ag九游会首页Another proposal has been chosen for a new affordable development in East Flatbush as part of the state’s effort to revitalize neighborhoods in Central Brooklyn. Gov. Andrew Cuomo on Thursday plans for a 322-unit complex called “Utica Crescent” that will be constructed on a lot next to the Kingsbrook Jewish Medical Center. The project is part of the $1.4 billion Vital Brooklyn initiative that will ultimately bring 4,000 units of affordable housing, improved health and wellness options, jobs, and additional open space to underserved Brooklyn neighborhoods.

More here

Restaurants

  • By Devin Gannon
  • , July 17, 2020

Open streets dining outside La Pecora Bianca on Broadway and West 26th Street; Photo by on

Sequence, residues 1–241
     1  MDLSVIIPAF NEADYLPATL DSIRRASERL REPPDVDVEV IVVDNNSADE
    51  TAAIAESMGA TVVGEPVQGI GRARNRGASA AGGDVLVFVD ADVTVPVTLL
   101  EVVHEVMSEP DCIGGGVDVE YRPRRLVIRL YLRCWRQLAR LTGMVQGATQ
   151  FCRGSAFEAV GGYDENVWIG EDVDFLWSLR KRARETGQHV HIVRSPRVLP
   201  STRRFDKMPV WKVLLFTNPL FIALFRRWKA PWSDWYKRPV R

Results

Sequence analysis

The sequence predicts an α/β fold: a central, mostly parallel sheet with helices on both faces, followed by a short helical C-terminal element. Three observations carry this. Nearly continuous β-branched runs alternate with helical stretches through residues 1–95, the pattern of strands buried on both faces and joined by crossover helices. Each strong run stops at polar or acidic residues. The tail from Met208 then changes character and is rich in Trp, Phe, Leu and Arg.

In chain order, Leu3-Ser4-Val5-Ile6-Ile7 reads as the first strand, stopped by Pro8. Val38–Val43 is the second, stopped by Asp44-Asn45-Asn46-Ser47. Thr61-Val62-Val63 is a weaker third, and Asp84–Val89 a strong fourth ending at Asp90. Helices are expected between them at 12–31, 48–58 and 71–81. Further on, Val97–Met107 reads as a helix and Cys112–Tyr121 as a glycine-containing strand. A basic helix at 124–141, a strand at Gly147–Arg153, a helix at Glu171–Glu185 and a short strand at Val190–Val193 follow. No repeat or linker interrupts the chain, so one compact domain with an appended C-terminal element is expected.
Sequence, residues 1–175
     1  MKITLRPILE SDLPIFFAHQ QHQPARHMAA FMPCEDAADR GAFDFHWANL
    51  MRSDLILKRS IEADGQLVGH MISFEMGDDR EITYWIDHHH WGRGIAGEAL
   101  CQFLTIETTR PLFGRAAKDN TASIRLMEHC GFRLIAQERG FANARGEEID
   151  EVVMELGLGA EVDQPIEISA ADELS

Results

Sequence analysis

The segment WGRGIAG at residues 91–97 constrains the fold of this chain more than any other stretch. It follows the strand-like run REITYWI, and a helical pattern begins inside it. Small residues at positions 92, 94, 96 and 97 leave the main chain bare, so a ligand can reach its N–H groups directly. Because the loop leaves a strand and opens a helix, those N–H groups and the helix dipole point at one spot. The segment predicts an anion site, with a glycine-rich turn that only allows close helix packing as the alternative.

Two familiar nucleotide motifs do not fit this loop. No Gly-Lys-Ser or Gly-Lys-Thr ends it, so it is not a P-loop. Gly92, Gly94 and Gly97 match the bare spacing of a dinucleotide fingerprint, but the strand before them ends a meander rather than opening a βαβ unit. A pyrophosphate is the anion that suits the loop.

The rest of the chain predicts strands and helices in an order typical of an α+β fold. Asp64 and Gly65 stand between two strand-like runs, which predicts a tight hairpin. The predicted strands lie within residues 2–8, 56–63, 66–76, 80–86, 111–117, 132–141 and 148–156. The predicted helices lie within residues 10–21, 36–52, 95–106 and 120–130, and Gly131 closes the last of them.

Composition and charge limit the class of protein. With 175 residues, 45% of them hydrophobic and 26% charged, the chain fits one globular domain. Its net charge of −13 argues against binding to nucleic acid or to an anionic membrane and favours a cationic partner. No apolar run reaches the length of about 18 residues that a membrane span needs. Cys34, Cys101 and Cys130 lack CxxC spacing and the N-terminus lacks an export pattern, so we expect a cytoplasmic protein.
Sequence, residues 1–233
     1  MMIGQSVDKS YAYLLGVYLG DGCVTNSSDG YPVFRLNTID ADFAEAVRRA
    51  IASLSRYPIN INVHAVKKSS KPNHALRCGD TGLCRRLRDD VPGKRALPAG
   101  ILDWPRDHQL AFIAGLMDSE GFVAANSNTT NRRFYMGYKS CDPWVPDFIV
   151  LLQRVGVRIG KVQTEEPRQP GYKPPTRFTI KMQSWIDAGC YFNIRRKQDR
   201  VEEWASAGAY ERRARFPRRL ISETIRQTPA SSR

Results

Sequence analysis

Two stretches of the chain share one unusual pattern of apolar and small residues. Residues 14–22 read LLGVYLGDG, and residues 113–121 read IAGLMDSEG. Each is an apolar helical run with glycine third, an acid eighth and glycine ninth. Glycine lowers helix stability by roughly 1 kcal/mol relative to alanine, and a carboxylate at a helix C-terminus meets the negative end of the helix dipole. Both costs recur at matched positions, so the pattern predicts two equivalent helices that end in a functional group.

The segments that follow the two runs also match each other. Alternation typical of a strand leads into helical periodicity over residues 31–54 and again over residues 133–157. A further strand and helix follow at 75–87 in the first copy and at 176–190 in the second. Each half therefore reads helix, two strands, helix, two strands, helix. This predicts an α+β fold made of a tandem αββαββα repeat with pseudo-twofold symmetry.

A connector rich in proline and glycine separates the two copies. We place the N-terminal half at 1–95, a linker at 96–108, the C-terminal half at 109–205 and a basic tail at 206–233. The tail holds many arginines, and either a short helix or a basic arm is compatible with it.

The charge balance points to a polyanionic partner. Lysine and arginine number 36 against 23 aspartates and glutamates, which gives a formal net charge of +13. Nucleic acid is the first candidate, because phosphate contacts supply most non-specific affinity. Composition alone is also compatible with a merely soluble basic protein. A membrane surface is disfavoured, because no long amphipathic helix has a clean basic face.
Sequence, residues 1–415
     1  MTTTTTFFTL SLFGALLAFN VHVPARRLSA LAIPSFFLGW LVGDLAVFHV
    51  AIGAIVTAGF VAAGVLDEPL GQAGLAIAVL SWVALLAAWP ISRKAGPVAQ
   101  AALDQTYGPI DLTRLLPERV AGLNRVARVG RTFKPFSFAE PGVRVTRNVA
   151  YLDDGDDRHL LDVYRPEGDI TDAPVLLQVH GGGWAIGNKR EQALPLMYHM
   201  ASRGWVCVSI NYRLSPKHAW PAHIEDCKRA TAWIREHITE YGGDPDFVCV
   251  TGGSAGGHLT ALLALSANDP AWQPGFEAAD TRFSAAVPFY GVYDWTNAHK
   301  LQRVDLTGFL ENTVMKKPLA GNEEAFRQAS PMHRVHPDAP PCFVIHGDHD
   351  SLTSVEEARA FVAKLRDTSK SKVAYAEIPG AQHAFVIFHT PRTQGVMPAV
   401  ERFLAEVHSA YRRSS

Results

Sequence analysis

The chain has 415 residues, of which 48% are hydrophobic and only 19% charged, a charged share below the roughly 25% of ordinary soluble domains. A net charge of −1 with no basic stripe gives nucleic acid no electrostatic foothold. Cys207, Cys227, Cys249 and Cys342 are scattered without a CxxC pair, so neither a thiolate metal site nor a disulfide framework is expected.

After closing more than 20 streets to cars citywide for outdoor dining ahead of the July 4th weekend, Mayor Bill de Blasio announced today that the city will open an additional 40 blocks this weekend. The new group of open streets is predominantly in Downtown Manhattan, mainly the East Village Village and Greenwich Village, neighborhoods that have been problematic for not following social distancing protocols. Others include hard-hit Chinatown and Forest Hills, Queens. The pedestrianized streets can be used by restaurants on Friday nights and weekends only, but the mayor announced today that outdoor dining will be extended through October 31. The announcement comes a day after Governor Cuomo said the city would not resume indoor diningag九游会首页 even in phase four, citing the surge in coronavirus cases across the country and non-compliant large gatherings reported across the five boroughs.